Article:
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Government and Politics


Cleveland Councilwoman says Clear Channel may provide free billboards to counteract signs warning of voter fraud
Protesters still say signs are to intimidate black voters and should come down
by WKSU's KEVIN NIEDERMIER


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Kevin Niedermier
 
Protesters under a billboard on Cleveland's east side warning of harsh penalties for voter fraud. The signs are considered by many to be an attempt to suppress the black vote.
Courtesy of Kevin Niedermier
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A compromise may be in the works following outrage over billboards erected in predominately black neighborhoods in Cleveland and other cities. The billboards warn that “voter fraud is a felony,” and list criminal penalties, which people like Cleveland councilwoman Phyllis Cleveland says is an attempt to intimidate black voters. After protests this week, Cleveland says the company that owns the billboards is considering providing free billboards with a different message. And WKSU’s Kevin Niedermier reports that's just one of the many reactions to the message.

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One of the 10 billboards, featuring an ominous gavel, appeared last week at the corner of East 35th and Community College Avenue on Cleveland’s eastside.  Councilwoman Phyllis Cleveland immediately protested.  But she says the signs also have led to a stepped-up effort to educate residents, including telling them they can vote even if they’ve been convicted of a felony. And during a rally under the billboard, she said she’s also talked with Clear Channel, the company that owns the signs.

Free “positive message” billboards offered                                              

“I have had some opening conversations with Clear Channel, and they’re offering free billboards to put a more positive message or antidote. Supreme Court Justice William O. Douglas said the answer to bad speech is good speech, so we’re going to explore that opportunity. And let people know voting is a right not a crime.”

Protesters still want original signs torn down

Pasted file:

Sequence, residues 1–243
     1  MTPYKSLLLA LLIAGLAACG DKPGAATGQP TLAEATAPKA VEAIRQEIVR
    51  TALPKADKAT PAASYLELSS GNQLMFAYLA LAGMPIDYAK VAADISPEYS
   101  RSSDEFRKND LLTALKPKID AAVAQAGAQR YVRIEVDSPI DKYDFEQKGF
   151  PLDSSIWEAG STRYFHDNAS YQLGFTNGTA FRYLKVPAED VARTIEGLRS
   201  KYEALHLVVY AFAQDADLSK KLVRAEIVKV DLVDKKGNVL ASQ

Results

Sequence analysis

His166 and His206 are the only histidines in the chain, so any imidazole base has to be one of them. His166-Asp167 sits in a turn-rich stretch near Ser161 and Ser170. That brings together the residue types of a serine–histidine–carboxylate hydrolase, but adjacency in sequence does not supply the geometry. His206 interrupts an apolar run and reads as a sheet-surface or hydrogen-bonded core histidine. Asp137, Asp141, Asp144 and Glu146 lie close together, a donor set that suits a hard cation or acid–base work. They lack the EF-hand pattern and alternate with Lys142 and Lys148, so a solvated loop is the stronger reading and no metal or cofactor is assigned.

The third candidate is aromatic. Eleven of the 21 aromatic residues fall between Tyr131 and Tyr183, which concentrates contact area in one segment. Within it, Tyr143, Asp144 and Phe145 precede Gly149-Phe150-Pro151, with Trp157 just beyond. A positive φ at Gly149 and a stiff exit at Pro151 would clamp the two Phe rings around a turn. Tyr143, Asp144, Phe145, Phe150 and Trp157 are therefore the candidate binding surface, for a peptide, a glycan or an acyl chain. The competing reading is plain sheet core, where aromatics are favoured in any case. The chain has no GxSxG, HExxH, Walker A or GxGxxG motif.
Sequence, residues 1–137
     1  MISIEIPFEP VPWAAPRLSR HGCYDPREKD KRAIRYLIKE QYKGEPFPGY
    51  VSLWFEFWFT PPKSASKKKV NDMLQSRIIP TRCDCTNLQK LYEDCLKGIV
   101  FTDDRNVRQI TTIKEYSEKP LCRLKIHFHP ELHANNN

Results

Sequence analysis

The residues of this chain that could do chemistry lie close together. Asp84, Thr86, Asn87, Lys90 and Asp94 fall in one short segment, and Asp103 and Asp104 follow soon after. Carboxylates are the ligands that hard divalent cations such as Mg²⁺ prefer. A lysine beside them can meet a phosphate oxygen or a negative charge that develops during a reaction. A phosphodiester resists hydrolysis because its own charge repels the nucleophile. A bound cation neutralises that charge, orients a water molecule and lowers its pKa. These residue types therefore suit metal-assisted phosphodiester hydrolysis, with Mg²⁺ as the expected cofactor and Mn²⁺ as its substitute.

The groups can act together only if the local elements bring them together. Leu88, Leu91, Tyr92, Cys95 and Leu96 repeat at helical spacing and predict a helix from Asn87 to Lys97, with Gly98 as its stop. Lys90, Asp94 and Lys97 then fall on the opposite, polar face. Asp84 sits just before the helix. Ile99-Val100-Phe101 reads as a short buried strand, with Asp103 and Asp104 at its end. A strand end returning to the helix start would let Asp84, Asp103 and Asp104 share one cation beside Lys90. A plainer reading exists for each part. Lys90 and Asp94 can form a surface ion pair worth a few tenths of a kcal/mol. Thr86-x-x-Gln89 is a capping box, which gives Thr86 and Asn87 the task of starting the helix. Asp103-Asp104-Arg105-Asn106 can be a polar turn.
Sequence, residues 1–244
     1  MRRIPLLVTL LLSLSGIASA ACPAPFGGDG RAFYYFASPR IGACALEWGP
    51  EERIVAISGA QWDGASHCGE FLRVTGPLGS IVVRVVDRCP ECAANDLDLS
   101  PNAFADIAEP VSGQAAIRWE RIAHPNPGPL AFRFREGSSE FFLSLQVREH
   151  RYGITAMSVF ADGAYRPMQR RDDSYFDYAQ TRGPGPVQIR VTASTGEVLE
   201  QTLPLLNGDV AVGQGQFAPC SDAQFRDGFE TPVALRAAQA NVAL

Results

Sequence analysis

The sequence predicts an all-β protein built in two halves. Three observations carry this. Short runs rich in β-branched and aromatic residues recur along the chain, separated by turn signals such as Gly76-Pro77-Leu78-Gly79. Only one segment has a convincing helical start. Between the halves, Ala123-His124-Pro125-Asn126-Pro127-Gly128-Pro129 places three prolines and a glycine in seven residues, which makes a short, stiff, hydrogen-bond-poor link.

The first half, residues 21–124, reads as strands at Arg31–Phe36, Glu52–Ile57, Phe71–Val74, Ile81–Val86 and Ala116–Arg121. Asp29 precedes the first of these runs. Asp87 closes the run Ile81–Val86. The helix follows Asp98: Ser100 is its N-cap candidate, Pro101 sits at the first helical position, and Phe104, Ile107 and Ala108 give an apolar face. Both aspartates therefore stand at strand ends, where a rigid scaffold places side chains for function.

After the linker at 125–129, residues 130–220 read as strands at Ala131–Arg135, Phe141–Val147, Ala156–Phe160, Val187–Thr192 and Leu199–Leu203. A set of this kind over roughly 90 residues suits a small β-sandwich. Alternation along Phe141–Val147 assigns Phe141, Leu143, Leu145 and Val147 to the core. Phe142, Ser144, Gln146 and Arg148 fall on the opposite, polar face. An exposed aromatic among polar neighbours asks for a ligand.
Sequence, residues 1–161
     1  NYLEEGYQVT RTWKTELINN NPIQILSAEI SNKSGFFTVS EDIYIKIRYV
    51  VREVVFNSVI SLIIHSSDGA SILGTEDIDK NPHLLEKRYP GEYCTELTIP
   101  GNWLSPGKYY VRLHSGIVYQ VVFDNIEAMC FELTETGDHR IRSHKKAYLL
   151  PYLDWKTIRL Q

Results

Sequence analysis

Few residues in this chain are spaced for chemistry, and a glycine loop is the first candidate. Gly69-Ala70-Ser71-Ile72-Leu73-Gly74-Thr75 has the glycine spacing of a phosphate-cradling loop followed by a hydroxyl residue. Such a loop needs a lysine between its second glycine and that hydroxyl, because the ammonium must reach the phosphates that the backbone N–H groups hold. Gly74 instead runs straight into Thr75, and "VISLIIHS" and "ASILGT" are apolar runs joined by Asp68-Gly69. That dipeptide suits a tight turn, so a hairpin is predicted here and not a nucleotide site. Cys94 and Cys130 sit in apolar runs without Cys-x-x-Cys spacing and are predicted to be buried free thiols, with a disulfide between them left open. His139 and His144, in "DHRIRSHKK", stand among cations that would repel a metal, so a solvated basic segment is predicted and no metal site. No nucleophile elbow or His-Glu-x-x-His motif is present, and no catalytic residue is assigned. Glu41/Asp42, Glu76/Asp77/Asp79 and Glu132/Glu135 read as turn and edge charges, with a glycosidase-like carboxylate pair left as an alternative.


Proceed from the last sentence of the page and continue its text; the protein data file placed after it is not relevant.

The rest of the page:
Cleveland gave no details, but says the company has told her the billboards could be up as early as next week. Clear Channel officials have not answered to questions about the free billboard offer. But it has said a private family foundation contracted for the original billboards, and, contrary to its usual practice, the contract included a guarantee of anonymity for the group. Meanwhile, protesters under the sign are considering other actions.

“We want that sign taken down, you will not win this election with an unconstitutional gesture designed to disenfranchise poor people, black people, and if you don’t take it down we’ll take it down for you.”

State Sen. Nina Turner of Cleveland attended the rally. Even if there is an offer of free billboards, she says the voter-fraud signs should still come down. Turner says the billboards are part of the tenor of this election.

“In the state of Ohio ex-offenders have the right to vote, but what they’re doing is trying to confuse voters. So between signs like this and a Secretary of State who’s trying to erode early voting we get this kind of stuff. We know that most African Americans, especially in Cuyahoga County, participate in early in person voting. The types of policies coming from the Republican Party has created this type of environment and made people like this believe it’s okay to prey on black and poor and Hispanic communities.”

Same billboards popping up in other cities

The same billboards have also gone up in Cincinnati and Milwaukee. This week, the Washington-based voting advocacy group, Lawyers Committee for Civil Rights, sent a letter to Clear Channel calling for the signs to be removed.                                                                                                    
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